Sonia est obligé d'avoir un deuxième job pour s'en sortir. "C'était ça ou je devais partir dans un autre pays" témoigne-t-elle. / © Capture d'écran (Arte)
Arte carried out a video reportage on residents affected by poverty in Luxembourg, a phenomenon notably aggravated by rising housing costs.
Arte spoke to single mother Sonia, who lives in Pétange with her three children. With her part-time salary, benefits and child maintenance, her monthly allowance comes to €3,500 - a sum which is increasingly insufficient when it comes to covering costs for a family of four. The Arte journalist explained that in Luxembourg, families like Sonia's are considered at risk of falling beneath the poverty line in their reportage.
Once Sonia has paid her housing costs, which amount to €2,100 per month, the other bills start to accumulate. She told Arte she has had to take up a second job, selling jewellery from home. The alternative was to leave the country.
The report described this as the Luxembourg paradox - despite being one of the richest countries in the world, the Grand Duchy also has the highest rates of poverty risk in Europe. Statec's 2018 report showed 18.3% of Luxembourg residents live below the poverty line, representing 105,620 people living on less than €2,013 per month.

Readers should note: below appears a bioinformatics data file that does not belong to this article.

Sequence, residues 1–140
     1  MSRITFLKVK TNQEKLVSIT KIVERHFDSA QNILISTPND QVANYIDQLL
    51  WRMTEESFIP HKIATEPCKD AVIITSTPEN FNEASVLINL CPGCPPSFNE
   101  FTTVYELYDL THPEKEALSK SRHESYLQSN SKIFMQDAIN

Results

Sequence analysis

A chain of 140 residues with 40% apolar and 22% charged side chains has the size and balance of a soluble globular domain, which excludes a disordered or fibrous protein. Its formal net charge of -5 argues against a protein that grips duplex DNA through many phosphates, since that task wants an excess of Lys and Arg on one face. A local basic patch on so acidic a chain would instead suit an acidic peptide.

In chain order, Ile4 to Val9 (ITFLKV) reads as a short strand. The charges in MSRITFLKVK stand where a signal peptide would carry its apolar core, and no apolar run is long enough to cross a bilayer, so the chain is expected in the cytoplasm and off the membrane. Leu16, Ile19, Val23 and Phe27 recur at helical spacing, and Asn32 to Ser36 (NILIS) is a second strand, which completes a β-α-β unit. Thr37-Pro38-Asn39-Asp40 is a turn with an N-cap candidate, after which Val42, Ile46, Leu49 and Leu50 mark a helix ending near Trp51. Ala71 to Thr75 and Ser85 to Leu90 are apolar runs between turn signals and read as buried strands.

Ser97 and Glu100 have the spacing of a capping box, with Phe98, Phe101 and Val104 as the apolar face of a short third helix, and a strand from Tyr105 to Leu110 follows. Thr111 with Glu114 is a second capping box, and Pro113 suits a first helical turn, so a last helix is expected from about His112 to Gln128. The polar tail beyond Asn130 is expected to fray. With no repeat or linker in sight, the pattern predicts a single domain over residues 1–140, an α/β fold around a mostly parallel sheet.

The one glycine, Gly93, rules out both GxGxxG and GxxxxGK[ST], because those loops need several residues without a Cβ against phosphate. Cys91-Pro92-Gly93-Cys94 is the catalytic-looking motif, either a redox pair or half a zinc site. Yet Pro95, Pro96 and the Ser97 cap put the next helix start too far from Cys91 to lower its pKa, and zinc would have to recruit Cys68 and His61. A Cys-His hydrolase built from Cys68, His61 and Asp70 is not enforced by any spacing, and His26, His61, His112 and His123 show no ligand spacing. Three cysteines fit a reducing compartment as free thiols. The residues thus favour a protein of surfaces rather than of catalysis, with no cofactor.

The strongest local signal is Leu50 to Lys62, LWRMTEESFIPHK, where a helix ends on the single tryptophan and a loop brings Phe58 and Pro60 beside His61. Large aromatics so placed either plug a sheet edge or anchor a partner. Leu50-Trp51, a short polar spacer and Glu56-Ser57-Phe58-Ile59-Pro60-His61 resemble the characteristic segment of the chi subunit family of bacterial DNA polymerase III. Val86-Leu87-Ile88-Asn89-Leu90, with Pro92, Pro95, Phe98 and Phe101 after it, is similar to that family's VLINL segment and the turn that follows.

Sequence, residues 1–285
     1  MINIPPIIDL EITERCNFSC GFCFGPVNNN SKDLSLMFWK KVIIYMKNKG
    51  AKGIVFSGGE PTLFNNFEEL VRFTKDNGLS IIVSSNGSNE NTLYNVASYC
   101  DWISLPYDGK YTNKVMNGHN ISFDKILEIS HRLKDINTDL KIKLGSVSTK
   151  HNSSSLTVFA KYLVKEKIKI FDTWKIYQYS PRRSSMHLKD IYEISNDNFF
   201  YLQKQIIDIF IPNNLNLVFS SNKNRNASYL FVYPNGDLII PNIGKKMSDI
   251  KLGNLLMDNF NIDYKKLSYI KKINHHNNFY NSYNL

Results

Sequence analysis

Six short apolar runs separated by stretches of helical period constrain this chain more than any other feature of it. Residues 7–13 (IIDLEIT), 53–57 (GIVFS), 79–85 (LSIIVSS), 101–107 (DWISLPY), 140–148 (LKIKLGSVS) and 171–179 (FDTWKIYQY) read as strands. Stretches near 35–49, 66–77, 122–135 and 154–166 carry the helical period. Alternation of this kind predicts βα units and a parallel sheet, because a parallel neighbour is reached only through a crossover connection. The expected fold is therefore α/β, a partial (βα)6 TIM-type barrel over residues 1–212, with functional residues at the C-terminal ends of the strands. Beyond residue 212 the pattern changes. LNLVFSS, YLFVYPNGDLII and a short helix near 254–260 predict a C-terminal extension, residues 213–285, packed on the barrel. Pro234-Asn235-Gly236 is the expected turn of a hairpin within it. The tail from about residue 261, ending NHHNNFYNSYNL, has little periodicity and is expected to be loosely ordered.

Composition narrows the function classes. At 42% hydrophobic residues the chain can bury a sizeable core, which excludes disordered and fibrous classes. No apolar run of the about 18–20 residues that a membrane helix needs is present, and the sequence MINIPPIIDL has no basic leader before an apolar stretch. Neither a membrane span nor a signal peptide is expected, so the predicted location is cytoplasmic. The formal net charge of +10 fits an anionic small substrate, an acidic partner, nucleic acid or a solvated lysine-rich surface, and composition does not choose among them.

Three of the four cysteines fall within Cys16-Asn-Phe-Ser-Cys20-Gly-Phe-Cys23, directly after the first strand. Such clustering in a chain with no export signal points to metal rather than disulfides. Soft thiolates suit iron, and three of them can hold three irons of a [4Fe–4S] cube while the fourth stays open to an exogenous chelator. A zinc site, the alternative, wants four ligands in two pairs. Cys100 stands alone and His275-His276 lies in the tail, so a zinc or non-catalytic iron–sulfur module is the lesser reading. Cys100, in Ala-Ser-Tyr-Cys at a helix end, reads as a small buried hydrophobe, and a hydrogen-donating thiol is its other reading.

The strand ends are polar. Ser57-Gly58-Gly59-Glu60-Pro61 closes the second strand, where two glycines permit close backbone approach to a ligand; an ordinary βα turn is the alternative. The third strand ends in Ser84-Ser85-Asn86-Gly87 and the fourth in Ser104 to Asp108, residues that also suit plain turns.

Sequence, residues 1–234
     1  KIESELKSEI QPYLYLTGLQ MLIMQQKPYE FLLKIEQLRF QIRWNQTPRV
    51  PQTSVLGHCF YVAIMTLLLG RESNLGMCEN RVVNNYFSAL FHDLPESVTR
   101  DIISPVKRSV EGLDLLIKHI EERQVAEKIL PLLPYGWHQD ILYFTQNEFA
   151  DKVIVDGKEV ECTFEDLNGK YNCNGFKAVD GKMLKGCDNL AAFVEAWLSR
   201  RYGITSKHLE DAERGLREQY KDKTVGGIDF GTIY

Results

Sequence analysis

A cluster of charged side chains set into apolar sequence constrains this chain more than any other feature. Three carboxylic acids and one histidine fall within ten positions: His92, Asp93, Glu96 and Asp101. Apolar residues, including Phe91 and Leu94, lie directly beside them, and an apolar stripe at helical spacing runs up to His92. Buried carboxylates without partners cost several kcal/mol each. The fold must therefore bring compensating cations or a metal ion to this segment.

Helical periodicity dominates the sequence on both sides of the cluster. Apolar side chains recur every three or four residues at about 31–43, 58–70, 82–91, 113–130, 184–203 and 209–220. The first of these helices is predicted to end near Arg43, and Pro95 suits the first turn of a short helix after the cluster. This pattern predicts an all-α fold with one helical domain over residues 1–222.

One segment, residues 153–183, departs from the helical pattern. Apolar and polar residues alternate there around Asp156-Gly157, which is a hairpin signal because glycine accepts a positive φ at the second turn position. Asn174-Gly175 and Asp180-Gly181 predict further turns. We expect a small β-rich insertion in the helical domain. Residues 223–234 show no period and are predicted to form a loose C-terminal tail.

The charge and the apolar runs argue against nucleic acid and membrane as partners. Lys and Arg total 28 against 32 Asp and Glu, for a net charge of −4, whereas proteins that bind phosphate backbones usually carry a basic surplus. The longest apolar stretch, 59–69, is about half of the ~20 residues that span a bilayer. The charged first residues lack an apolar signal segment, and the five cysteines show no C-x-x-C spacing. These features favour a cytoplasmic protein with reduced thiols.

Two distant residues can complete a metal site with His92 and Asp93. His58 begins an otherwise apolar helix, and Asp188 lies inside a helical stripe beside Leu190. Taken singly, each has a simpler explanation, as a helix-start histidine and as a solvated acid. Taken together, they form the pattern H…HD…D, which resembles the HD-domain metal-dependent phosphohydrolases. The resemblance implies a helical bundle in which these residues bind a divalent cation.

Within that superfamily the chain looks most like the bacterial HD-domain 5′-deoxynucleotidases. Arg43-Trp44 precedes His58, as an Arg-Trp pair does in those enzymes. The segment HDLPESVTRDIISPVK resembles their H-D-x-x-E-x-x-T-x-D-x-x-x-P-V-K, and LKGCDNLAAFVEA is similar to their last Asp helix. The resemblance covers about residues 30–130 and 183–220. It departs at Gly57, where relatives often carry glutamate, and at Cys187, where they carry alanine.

PORTUGUESE THREE TIMES MORE LIKELY TO BE AT RISK
Unsurprisingly, the most vulnerable people are of foreign origin, part-time employees, and single parents. Robert Urbé, expert in poverty at Caritas, said the minimum wage in Luxembourg was insufficient, despite it amounting to €2,000 gross. In net pay, it is €1,800, which falls below the poverty line.
Urbé explained the majority of people affected by poverty were not native Luxembourgers, adding that Portuguese residents were three times more likely to be affected than Luxembourgers. He considered that Portuguese residents do not vote, so in political terms were more likely to be affected by inaction.
OBSOLETE FAMILY ALLOWANCES
The Arte report concluded with an ongoing issue in Luxembourg: the cost of housing, which rose by 11% in the second quarter of 2019, compared to just 5% in Germany and 3% in France.
When asked about the government's inability to stem the spike in prices and the virtual absence of social housing (just 2%), Housing Minister Henri Kox replied that national regulations were to be changed so public land would become available to build affordable housing.
The solution proposed by Kox is to have 30% of so-called "affordable" housing with moderate rents by 2050. But associations such as Caritas have pushed for a minimum wage increase, and to index family allowances, which has not occurred since 2006.
View the Arte report here (video in French):